Seventy-three more people can now live in Saudi Arabia for as long as they like, as of Monday, when the Middle Eastern country launched its new “premium” residency program.
The recipients, selected from thousands of applicants, will pay 800,000 riyals ($213,000) for the right to permanent residency, or 100,000 riyals ($26,700) for a renewable one-year permit. The visa allows these extra-special investors, doctors, engineers, and financiers to purchase property and do business freely in the kingdom, as part of the country’s long-term attempts to diversify away from oil.
“Golden visas,” as they’re sometimes known, are becoming more and more common. The world’s borders may be closed to most migrants and refugees, but they’re wide open for those with the ability to pay. Wealthy people can now purchase visas—or straight-out citizenship—in countries such as Thailand, Latvia, and the UK, via a flat fee, “donation,” or hefty investment in the country. At least four EU member states offer passport-for-purchase privileges.
For the very wealthy, “citizenship by investment” programs can be an easy route to waiving time-consuming naturalization requirements, which may include language skills or residency in the country. For the approximately 60 countries with programs in place, it redirects international funds into the national economy. Tiny Montenegro’s “golden visa” program, which launched last month, is expected to raise around $1 billion in the first three years.
In Panama, investors can receive the right to residency for the small price of $80,000, which must be invested in the country’s teakwood industry. In the UK, requirements are more stringent: To qualify for the Tier 1 Investment Visa program, non-EU citizens must invest at least £2 million ($2.6 million) into the UK economy. The visa is growing in popularity, Brexit uncertainty notwithstanding: Applications grew 36% year-on-year in the first half of 2019, with ones from China making up more than 40%. In cases such as these, migrants are able to apply for citizenship after a period of five or six years.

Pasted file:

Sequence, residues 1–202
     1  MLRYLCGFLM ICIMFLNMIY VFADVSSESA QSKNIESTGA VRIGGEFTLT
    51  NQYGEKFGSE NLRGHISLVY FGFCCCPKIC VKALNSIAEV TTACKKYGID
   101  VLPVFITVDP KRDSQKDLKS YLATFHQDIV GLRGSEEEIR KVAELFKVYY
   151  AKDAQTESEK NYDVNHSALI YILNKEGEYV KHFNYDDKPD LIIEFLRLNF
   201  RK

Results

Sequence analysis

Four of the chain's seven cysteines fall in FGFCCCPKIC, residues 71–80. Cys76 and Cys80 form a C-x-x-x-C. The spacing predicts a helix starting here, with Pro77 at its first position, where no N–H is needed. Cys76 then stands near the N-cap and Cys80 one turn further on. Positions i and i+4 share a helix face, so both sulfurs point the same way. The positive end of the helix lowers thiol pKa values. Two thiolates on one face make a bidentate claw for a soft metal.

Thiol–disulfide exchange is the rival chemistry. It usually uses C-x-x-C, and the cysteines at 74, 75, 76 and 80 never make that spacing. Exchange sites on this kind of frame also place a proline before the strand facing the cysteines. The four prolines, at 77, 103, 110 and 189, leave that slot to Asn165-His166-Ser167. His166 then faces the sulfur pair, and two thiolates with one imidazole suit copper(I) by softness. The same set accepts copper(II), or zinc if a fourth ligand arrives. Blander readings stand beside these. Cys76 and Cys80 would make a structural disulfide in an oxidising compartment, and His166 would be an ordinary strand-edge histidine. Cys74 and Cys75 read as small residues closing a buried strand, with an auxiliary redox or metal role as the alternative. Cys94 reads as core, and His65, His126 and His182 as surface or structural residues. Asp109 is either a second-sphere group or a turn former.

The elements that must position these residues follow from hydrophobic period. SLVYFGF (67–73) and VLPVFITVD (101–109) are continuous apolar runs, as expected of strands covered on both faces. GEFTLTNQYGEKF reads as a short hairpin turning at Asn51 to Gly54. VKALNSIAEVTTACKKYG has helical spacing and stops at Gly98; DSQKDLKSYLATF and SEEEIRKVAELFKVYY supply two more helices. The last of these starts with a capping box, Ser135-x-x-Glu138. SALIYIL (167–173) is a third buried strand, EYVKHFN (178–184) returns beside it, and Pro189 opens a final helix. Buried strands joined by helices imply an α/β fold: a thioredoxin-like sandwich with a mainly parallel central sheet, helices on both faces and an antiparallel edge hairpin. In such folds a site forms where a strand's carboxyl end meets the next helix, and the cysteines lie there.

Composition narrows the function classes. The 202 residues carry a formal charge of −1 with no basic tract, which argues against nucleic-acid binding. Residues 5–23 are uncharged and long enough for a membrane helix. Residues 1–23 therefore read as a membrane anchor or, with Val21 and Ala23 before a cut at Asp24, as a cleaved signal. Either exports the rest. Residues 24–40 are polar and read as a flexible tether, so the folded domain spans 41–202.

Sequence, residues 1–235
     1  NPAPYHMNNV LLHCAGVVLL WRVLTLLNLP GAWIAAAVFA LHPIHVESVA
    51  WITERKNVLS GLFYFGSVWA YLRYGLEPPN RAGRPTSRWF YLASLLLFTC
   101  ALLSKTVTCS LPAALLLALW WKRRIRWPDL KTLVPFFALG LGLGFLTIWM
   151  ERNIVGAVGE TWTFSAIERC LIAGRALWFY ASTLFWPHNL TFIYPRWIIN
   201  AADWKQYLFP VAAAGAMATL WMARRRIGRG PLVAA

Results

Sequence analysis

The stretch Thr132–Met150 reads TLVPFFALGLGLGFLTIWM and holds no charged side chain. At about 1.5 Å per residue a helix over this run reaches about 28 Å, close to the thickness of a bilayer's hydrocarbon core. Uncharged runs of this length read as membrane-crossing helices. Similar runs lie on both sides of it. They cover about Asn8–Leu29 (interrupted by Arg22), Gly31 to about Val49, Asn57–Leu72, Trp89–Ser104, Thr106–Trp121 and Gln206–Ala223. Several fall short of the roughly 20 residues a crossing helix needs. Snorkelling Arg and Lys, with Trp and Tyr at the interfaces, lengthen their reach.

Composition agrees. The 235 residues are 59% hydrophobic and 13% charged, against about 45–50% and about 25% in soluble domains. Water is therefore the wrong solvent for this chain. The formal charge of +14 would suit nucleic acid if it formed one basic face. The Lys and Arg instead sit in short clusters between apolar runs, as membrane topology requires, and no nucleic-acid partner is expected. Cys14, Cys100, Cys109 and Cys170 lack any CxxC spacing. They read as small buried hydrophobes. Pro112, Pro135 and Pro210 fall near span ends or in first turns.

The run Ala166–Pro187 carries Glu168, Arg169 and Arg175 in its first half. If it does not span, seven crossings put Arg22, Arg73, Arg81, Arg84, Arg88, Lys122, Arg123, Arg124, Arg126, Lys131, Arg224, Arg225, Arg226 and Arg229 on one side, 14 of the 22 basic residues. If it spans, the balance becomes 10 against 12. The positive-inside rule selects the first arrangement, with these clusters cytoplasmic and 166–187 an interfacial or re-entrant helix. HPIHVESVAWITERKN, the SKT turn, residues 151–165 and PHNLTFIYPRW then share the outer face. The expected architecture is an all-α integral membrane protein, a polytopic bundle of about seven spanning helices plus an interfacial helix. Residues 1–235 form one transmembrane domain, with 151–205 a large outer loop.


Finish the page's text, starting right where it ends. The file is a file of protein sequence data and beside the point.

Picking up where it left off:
But international watchdogs and bodies such as the EU have called for states to clamp down on this growing trend. A Transparency International report found a worrying lack of accountability and transparency, where even applicants with criminal records were still considered for the visas. “By their very nature, golden visa schemes are an attracting prospect for the criminal and the corrupt,” the report notes. In some cases, states offered the visa to more than 90% of applicants.
These more worrying aspects are doing nothing to stymie the growing popularity of the visas, however. And enterprising folks have taken note, with the visas launching a cottage industry of sorts: In 2018, the Citizenship by Investment Property Fair (CBIPF) launched its inaugural event at the Nile Ritz Carlton, in Cairo, Egypt. Next year’s fair will be held in Beirut, Lebanon, in March 2020. At this year’s event, also in Beirut, experts including legal consultants and property developers from around the world hosted panel discussions (pdf) on how to apply for and obtain these visas—and promote their services in the process.